Optimization of hydrogen alkaline electrolysers with FOCUS-1

Hydrogen will play a significant role within the framework of the energy transition from fossil based fuels to renewable sources. Generation of hydrogen can be done via different routes. One of those is through electrolysis using alkaline electrolysers. The market for alkaline electrolysers is growing rapidly as these installations are often being used in combination with large PV solar fields and wind turbines, with the goal to relieve the electrical power grid. A huge increase in demand means optimization in operation and performance is crucial. Below you will read about how the use of a smart meter valve in alkaline electrolysers reduces cost while also improving functionality and system performance. Sounds to good to be true? Don’t take our word for it: everything you will read is based on proven experience with one of the biggest hydrogen electrolyser producers in the world!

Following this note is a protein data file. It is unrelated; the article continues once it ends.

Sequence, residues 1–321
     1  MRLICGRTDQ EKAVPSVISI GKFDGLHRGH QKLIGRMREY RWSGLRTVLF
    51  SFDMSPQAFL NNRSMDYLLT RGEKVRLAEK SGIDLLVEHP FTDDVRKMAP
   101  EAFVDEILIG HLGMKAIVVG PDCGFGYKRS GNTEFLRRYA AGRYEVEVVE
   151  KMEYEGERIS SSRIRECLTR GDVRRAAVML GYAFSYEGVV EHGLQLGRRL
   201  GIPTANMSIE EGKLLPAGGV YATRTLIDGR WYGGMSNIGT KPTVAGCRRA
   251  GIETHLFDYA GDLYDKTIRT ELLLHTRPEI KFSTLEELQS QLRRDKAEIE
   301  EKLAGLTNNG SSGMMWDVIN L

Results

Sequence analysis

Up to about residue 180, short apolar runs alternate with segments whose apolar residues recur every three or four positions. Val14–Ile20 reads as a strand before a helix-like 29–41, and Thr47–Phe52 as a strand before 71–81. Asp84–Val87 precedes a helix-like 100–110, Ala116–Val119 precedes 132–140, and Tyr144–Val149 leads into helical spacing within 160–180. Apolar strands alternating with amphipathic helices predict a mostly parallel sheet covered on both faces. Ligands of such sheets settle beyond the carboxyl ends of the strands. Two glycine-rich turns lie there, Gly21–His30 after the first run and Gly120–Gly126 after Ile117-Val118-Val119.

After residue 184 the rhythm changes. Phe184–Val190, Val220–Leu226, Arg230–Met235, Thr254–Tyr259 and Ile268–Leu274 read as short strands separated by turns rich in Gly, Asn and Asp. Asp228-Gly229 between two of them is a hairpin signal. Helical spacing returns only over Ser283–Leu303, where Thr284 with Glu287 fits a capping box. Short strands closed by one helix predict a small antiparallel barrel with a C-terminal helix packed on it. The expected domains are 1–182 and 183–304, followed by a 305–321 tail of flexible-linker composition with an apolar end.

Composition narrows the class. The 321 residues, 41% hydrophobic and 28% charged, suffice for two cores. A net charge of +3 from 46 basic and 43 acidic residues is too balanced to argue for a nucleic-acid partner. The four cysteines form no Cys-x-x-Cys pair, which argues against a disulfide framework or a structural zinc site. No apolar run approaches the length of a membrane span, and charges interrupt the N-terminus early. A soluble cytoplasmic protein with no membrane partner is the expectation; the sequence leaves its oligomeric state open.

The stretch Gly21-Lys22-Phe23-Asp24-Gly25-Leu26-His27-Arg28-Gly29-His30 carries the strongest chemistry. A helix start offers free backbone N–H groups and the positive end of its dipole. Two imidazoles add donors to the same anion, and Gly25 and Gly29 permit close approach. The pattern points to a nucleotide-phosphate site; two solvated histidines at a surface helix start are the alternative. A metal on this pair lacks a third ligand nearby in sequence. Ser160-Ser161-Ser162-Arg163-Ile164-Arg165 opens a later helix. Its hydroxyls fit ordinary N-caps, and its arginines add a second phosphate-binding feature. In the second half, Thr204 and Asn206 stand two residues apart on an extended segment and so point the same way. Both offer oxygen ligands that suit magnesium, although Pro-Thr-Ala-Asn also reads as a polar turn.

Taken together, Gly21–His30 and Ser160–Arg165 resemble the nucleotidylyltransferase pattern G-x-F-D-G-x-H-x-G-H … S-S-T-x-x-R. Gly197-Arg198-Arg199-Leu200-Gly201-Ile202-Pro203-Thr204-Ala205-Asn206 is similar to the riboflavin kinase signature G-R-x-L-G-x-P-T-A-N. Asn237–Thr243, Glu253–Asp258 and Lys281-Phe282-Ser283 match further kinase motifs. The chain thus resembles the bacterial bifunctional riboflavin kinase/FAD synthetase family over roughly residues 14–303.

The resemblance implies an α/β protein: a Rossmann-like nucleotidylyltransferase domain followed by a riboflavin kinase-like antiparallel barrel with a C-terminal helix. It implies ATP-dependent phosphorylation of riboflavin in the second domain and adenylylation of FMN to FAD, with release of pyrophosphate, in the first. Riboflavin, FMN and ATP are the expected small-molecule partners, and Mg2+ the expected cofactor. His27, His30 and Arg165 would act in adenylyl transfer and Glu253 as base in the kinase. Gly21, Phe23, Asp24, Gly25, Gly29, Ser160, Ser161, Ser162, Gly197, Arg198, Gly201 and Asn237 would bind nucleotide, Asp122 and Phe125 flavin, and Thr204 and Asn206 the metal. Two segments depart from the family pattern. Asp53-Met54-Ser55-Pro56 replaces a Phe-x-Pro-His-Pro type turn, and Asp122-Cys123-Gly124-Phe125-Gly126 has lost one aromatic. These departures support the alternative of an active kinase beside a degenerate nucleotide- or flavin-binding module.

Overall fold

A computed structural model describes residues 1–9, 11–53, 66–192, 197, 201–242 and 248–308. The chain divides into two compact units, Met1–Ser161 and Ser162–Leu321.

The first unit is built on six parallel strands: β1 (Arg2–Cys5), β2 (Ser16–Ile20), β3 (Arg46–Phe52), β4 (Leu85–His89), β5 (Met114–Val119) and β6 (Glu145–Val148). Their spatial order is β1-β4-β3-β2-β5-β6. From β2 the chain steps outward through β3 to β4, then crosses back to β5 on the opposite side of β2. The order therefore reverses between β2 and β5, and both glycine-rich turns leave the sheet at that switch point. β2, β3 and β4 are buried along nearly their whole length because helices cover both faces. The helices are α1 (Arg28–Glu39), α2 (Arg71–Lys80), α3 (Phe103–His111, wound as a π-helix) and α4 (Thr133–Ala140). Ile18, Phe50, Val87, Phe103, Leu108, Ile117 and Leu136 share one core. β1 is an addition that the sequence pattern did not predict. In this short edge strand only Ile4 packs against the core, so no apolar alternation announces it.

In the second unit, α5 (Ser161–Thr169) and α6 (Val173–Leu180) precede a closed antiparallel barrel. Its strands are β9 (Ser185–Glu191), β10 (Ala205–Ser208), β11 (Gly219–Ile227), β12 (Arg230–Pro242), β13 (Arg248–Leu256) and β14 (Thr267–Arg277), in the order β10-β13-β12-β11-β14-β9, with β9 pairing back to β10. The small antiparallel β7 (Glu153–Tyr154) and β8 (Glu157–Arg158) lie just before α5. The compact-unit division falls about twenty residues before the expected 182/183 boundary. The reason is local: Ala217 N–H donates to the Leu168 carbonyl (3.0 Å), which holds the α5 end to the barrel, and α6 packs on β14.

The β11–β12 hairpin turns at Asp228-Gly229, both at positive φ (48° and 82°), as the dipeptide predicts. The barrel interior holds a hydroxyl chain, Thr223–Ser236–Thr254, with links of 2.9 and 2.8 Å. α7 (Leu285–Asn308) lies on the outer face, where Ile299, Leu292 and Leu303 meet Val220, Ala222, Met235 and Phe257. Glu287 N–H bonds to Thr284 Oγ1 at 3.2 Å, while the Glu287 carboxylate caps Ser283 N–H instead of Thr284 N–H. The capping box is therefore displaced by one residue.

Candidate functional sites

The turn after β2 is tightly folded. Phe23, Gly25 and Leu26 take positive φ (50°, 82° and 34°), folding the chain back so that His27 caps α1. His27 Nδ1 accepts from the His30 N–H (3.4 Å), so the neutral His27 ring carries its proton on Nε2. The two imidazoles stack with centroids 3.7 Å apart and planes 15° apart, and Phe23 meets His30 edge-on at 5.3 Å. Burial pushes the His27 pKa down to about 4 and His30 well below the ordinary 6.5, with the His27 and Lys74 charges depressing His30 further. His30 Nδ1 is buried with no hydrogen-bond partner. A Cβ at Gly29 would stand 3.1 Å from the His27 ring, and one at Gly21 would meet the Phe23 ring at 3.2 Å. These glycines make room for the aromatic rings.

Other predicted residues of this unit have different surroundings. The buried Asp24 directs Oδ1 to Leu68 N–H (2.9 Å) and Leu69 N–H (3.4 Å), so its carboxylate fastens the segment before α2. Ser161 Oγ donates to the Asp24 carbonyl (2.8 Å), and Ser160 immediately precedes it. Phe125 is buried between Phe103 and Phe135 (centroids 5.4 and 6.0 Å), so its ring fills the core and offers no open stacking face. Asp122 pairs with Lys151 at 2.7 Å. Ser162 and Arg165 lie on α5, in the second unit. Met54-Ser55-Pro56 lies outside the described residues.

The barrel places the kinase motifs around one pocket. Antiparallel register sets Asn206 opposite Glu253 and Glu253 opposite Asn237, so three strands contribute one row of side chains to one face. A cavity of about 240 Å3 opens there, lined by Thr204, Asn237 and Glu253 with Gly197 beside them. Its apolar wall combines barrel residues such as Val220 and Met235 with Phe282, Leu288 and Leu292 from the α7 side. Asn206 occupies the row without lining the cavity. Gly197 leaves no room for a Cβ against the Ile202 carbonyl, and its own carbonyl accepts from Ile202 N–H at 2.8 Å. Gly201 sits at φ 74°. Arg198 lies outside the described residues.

The challenge of the traditional set-up

We can imagine not everyone reads about alkaline electrolysers daily. Let’s dive into how hydrogen is generated by an alkaline electrolyser. This explains the need for a concentration sensor, a flowmeter, a temperature sensor, a control valve and a PLC with the right software. In other words, the usual complex control set-up that might be familiair to you.

What you need to know about alkaline electrolysers

In an alkaline electrolyser hydrogen is generated by splitting water (H2O) molecules in its two base molecules being oxygen (O2) and hydrogen (H2). This can be done by applying an electrical voltage on 2 electrodes inserted in a water filled basin. The water in the basin needs to be electrically conductive, so the electrons, necessary for the reaction, can flow from one electrode to the other. The required and optimum conductivity is achieved by mixing KOH in the demineralized water in the basin.